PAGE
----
A survey reveals that the middle class is the least impressed with the performance of the Hong Kong government.
The pro-middle-class political commentary group, New Forum, found in its poll of 2,310 respondents this month that those from the middle class were particularly dissatisfied with the administration, registering lower confidence scores than the working and upper classes.
The survey classified the working class as having income of less than HK$20,000, middle class HK$20,000 to HK$70,000, and upper class HK$70,000 or above.
On a scale from 1 to 7, the middle class gave an average score of 2.75 to the question: 'How confident are you in the government's ability to formulate a stable housing policy?'
It was equally scathing about the government's accountability, scoring 2.56. Both results were well below the survey-defined standard of 4.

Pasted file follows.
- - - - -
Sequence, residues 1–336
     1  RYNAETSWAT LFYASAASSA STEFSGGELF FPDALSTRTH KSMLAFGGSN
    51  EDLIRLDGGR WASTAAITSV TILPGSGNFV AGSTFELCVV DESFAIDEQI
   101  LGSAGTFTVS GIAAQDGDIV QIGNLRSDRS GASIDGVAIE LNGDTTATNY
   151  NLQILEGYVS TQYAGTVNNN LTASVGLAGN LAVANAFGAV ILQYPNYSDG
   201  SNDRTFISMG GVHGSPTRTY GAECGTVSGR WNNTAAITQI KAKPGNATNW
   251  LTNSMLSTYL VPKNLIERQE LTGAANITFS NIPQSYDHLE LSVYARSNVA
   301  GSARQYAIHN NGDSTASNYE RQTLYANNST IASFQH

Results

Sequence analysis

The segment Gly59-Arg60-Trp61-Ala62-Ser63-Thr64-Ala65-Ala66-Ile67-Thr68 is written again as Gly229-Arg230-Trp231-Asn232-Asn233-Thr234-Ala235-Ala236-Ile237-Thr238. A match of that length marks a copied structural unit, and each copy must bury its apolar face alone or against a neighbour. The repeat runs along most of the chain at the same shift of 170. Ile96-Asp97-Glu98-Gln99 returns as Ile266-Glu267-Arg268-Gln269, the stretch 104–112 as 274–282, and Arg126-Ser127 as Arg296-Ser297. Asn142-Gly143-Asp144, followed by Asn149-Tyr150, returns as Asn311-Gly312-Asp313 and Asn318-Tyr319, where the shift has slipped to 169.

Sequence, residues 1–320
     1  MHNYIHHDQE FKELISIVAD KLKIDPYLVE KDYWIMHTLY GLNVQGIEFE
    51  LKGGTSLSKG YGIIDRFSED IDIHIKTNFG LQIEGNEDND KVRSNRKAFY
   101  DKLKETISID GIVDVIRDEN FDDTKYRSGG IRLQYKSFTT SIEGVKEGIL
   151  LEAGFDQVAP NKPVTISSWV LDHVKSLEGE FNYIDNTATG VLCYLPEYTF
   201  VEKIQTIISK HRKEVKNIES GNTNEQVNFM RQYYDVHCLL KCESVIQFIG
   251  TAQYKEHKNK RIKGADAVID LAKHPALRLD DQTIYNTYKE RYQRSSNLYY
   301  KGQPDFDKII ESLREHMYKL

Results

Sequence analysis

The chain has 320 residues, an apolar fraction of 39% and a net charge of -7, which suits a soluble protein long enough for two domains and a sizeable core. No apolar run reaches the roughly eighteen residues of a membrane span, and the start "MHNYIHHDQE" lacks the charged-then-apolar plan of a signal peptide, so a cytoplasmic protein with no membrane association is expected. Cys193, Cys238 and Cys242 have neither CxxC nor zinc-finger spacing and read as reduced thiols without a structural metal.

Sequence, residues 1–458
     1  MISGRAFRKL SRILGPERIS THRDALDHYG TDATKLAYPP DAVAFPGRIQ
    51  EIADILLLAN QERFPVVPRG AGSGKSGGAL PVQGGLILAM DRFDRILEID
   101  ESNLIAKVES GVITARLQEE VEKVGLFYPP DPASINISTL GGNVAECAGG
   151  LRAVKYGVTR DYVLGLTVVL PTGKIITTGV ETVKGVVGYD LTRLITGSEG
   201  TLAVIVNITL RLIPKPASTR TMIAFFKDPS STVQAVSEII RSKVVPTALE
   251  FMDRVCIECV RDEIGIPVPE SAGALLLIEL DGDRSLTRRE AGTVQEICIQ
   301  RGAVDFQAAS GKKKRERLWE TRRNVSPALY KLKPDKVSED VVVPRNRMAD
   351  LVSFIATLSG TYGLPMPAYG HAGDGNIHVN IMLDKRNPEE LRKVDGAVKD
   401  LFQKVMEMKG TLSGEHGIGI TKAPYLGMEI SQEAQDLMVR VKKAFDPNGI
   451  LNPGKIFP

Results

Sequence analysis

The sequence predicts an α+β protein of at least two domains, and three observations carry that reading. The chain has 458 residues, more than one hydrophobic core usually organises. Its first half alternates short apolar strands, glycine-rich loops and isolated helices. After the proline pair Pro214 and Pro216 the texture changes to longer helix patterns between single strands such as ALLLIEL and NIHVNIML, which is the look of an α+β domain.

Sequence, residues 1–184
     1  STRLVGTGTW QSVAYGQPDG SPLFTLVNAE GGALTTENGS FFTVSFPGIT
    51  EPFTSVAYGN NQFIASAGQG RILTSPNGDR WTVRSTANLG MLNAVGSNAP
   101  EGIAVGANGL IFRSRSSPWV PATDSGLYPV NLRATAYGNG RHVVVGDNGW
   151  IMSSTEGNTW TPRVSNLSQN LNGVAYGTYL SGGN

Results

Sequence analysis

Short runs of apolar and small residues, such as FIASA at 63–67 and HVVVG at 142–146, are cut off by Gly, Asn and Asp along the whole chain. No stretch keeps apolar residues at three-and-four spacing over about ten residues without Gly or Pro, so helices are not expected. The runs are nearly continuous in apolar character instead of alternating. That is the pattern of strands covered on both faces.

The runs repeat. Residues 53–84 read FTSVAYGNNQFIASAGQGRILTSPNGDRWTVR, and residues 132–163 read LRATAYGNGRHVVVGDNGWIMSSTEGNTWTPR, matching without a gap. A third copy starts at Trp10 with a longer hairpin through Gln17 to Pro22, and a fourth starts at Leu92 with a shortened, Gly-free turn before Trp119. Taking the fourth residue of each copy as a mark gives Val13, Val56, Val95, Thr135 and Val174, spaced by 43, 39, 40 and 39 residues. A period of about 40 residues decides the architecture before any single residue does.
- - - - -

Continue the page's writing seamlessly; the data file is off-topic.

Other recent polls show the middle class has taken over from the working class as the group least confident of the government.
Chinese University political scientist Ivan Choy Chi-keung said: 'Political and economic ideological differences between the government and the middle class bring down the latter's confidence in the former and the confidence scores in different areas. The middle class, unlike the working class, may not welcome the HK$6,000 handout and the minimum wage legislation.'
Johnny So Chun-man, of New Forum, agreed: 'The middle class has been unhappy with the government's inability to deal with its problems. Policies have been geared towards solving working-class concerns.' So cited the ineffectiveness of a special stamp duty in halting rising property prices.